The effects of the FCSM-supplemented diet on hepatic mRNA expression are presented in Figure 1. In the male broilers, the gene expression of hepatic PPAR-a and LPL was clearly upregulated in the Ct-Sc group compared with the Cont group (p<0.05), but the expressions of those genes were not altered when Ct-CSM was added to the diet. In the female broilers, the mRNA expression of PPAR-a in the liver tissue was higher in the Ct group than in either the Cont group or Ct-Sc group (p<0.05). In addition, the hepatic gene expression of ACC in the male birds and PPAR-a in the female birds was significantly different between the Ct and Ct-Sc groups (p<0.05). No significant changes in FAS and L-FABP gene expressions were observed in the livers of either males or females among the three groups (p>0.05). Furthermore, the transcription levels of PPAR-g and LPL were not altered in the abdominal fat tissue of either male or female broilers in the groups fed FCSM compared with the Cont group (p>0.05) (Figure 2).

Figure 1 Effect of fermented cottonseed meal on lipid-related mRNA expression of FAS, ACC, L-FABP, PPAR-a, and LPL in the liver tissue. 

Figure 2 Effect of fermented cottonseed meal on lipid-related mRNA expression of FAS, PPAR-g, and LPL in abdominal fat tissue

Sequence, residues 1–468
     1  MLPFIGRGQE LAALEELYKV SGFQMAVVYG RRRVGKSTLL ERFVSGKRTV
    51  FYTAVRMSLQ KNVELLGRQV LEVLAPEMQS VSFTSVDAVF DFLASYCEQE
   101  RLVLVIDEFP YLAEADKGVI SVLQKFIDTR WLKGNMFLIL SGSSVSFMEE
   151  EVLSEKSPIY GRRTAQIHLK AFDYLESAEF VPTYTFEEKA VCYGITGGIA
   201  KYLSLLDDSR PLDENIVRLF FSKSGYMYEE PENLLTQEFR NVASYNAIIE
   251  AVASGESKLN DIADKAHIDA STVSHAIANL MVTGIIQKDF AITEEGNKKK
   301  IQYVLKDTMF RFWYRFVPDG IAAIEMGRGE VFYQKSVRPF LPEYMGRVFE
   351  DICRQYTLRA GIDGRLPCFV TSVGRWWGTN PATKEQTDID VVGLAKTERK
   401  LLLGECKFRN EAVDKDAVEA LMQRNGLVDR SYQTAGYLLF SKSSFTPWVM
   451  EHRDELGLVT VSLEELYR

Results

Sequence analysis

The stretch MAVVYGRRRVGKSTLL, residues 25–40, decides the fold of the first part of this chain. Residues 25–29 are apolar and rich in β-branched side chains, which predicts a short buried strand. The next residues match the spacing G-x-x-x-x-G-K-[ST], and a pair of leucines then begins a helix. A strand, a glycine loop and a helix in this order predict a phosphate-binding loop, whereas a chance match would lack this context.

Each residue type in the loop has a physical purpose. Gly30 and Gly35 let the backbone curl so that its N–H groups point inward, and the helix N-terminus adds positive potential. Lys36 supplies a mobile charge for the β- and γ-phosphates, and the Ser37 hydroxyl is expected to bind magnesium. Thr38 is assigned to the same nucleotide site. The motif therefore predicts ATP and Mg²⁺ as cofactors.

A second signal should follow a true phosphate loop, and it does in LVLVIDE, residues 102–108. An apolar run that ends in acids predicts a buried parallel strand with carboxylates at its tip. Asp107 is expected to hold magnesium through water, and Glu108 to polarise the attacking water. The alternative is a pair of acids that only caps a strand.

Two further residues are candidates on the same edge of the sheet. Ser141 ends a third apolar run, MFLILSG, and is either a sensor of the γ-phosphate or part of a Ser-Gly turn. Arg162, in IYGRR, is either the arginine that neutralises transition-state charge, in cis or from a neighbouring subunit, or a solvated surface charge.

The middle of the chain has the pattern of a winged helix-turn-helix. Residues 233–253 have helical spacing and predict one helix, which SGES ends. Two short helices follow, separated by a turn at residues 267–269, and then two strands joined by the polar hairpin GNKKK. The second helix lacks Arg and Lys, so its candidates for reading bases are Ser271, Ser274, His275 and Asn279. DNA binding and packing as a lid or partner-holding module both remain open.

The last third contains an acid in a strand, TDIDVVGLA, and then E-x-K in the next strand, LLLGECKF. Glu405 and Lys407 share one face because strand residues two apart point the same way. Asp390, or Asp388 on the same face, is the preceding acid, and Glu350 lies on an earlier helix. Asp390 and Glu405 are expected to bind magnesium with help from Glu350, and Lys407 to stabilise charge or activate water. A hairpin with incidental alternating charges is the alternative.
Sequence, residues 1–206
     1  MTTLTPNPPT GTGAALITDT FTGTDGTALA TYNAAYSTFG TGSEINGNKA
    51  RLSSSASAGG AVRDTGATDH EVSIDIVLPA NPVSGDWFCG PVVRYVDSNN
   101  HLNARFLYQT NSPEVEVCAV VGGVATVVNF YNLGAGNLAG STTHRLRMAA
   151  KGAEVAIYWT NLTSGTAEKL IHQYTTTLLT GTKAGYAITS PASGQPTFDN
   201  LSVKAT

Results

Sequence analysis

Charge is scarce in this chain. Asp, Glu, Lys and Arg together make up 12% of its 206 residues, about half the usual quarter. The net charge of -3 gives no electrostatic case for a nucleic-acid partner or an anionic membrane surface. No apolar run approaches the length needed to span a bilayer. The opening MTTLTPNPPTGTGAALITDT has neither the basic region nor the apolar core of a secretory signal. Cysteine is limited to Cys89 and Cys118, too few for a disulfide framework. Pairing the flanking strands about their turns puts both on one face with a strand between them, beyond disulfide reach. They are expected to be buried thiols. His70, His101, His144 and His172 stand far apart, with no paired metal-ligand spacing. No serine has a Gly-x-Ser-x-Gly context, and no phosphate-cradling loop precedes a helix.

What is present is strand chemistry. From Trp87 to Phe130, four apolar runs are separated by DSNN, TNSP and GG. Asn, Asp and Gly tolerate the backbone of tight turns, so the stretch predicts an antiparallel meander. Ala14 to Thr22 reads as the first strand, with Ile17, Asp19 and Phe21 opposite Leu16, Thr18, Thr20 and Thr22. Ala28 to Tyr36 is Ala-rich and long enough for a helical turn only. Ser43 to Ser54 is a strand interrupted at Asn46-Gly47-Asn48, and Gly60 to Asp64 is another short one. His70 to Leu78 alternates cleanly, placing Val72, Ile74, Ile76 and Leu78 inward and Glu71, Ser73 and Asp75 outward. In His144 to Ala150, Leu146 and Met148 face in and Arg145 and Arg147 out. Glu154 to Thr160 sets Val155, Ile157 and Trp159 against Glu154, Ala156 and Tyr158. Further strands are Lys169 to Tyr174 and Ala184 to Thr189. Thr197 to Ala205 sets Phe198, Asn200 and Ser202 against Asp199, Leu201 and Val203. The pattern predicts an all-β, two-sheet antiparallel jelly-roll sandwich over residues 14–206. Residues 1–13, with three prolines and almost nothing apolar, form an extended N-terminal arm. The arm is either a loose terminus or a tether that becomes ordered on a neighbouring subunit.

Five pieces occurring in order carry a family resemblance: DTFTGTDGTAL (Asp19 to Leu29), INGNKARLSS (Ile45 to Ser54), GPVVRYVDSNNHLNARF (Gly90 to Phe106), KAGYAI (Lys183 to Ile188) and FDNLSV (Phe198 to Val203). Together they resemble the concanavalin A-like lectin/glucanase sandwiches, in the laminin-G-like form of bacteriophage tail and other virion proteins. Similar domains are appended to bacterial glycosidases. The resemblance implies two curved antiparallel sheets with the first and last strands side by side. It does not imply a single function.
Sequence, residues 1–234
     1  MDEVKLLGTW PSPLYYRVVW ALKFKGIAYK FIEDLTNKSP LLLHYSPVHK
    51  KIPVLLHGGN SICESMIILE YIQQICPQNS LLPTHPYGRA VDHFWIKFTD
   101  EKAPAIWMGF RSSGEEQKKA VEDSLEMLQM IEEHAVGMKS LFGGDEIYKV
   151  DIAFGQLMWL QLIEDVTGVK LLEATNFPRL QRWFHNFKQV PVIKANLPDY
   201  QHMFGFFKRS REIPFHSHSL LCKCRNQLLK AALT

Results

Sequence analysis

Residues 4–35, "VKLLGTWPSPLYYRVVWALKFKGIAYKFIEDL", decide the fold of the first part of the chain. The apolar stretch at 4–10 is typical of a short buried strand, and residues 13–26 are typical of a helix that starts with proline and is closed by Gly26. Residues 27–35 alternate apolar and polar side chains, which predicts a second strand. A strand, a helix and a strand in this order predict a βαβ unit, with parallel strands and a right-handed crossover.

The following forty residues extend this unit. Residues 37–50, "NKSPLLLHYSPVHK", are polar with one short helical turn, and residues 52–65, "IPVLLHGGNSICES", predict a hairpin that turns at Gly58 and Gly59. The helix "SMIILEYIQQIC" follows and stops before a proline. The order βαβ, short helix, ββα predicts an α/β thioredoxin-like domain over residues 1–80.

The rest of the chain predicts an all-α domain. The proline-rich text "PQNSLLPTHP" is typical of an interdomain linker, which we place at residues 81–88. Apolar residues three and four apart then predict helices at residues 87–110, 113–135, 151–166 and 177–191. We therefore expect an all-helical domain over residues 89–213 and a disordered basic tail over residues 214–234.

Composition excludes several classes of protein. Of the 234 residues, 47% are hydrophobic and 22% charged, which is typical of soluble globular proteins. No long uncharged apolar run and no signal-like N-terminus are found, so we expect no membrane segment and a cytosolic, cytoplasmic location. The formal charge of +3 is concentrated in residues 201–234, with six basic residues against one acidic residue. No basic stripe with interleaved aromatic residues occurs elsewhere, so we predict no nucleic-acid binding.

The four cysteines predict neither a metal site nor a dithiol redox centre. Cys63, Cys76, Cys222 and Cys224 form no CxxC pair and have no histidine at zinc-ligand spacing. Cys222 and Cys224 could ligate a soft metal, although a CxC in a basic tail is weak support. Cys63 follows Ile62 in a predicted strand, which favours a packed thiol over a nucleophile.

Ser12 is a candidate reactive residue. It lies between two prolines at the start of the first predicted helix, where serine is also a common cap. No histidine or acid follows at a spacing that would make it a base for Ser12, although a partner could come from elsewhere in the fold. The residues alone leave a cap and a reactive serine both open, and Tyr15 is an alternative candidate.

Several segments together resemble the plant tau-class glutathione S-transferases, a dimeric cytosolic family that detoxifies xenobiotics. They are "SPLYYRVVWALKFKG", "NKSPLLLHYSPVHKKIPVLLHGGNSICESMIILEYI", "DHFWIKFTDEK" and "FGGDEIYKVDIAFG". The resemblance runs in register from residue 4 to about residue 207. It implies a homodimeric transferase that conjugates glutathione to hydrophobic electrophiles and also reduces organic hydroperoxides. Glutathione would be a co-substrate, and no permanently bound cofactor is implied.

In this study, C. tropicalis and S. cerevisiae were both used for CSM fermentation, which is a common practice. Moreover, our previous studies indicated that 6% supplementation of CSM fermented by these two strains did not negatively impact broilers (Zhang et al., 2007; Nie et al., 2011, 2012,2013). Additionally, the results of the present study indicate that the CSM fermented by C. tropicalis orC. tropicalis and S. cerevisiae presented lower free gossypol content and a higher crude protein than unfermented CSM, which is consistent with the findings of Zhang et al. (2007). Similar results were reported by Tang et al.(2012), who showed that CSM fermented by Bacillus subtilis had lower free gossypol content and higher crude protein level relative to unfermented CSM. The free gossypol contents in all three experimental diets in the present study were lower than 30 mg/kg (data not shown), well below the level (100 mg/kg) allowed for poultry according to the EU standard and the report ofGadelha et al. (2014). In this trial, we primarily measured the effects of FCSM compared with unfermented CSM, and therefore, a gossypol control group was not included. Furthermore, yeast level was higher than 2´106 cfu/g in the FCSM diets (data not shown).